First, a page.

The Drama Barn, home to York University’s Drama Society, may not (despite its flagrantly purple doors) appear to be anything particularly special. However, this converted barn, now black box theatre, has been the birthing and nurturing ground of a plethora of successful theatre talent for decades. Simon Stephens, perhaps the Barn’s most recognised alumnus, said (in his recent interview at the TFTV department), “I still think the Drama Barn is still the most important building in the United Kingdom”, and he also argued that, “Most things I learned about theatre aesthetic I learnt in the Drama Barn.”
Indeed, the Barn has been the playground of many people who have gone on to great things in the world of theatre. Big name former Barn frequenters include Anthony Horowitz, Nick Payne, Chris Bush (all of whom had their first plays performed in the barn), and Sean Holmes (director, and, recently, Artistic Director of Lyric Hammersmith). Others include the founders of York University-formed Belt Up Theatre company (Jethro Compton, Dominic Allen, Alexander Wright and James Wilkes), named “Edinburgh Fringe Royalty” due to their successful sell-out shows and who have now all gone on to pursue individual successes. Compton, for example, formed his own company (Jethro Compton Ltd) which enjoyed great triumphs at this year’s Edinburgh Fringe and at the Southwark Playhouse in London. Hufton, an associate artist of Belt Up and a theatre director, also began his journey within the hallowed walls of the Barn. The success continues as the most recent Drama Barn graduates have gone on to Mountview, Central, LAMDA and RADA drama schools (and that was only last year!).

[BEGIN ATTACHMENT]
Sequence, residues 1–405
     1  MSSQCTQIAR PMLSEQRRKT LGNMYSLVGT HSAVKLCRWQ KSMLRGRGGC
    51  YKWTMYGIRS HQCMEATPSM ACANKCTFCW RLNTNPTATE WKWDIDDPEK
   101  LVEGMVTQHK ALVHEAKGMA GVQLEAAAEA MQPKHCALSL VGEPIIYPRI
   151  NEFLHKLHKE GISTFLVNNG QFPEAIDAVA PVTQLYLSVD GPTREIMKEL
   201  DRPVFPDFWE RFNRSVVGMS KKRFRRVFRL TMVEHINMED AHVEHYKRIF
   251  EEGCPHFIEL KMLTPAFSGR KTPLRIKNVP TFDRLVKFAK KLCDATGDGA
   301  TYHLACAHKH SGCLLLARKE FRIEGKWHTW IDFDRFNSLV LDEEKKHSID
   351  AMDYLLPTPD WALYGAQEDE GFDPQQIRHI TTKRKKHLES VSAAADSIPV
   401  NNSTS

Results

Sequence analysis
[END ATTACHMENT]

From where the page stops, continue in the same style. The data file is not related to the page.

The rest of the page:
So what is it that is so significant and valuable about the Drama Barn theatre itself? It could be that the blank canvas the space presents offers itself up to be transformed into almost anything the human mind can conceive. Perhaps it is the cluttered and characterful backstage area where costumes and props that have accumulated over the years jostle for position, and the walls (even in the toilet) are emblazoned with a plethora of signatures, posters and murals of plays and players past, all of which pay tribute to the rich theatrical tapestry that is the Barn’s history. Most likely though, it is the nature of putting on a successful play in the Barn (which requires a lot of DIY, ingenuity and hard work) which cultivates, through diligence and creativity, the kind of people and experiences which can lead to success in the world of theatre outside its walls.
Whatever the reason, be sure to get your taste of the Barn during your time at York, whether that is involvement in a production or as an audience member, and see for yourself what it is about that little black box which inspires theatre practitioners for years after they’ve graduated.